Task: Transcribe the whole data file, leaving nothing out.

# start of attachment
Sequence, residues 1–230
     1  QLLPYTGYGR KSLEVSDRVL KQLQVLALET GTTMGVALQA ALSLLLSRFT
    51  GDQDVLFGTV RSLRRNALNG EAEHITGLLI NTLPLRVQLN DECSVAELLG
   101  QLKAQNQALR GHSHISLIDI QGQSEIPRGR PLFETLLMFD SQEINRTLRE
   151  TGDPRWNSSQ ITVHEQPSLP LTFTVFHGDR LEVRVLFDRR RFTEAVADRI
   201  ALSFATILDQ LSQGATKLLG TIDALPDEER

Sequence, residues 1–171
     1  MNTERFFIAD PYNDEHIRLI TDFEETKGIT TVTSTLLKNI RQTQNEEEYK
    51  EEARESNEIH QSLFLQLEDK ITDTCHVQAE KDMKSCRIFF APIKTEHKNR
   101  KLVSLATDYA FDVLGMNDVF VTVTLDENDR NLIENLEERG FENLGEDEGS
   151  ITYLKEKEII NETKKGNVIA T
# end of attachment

Sequence, residues 1–230
     1  QLLPYTGYGR KSLEVSDRVL KQLQVLALET GTTMGVALQA ALSLLLSRFT
    51  GDQDVLFGTV RSLRRNALNG EAEHITGLLI NTLPLRVQLN DECSVAELLG
   101  QLKAQNQALR GHSHISLIDI QGQSEIPRGR PLFETLLMFD SQEINRTLRE
   151  TGDPRWNSSQ ITVHEQPSLP LTFTVFHGDR LEVRVLFDRR RFTEAVADRI
   201  ALSFATILDQ LSQGATKLLG TIDALPDEER

Sequence, residues 1–171
     1  MNTERFFIAD PYNDEHIRLI TDFEETKGIT TVTSTLLKNI RQTQNEEEYK
    51  EEARESNEIH QSLFLQLEDK ITDTCHVQAE KDMKSCRIFF APIKTEHKNR
   101  KLVSLATDYA FDVLGMNDVF VTVTLDENDR NLIENLEERG FENLGEDEGS
   151  ITYLKEKEII NETKKGNVIA T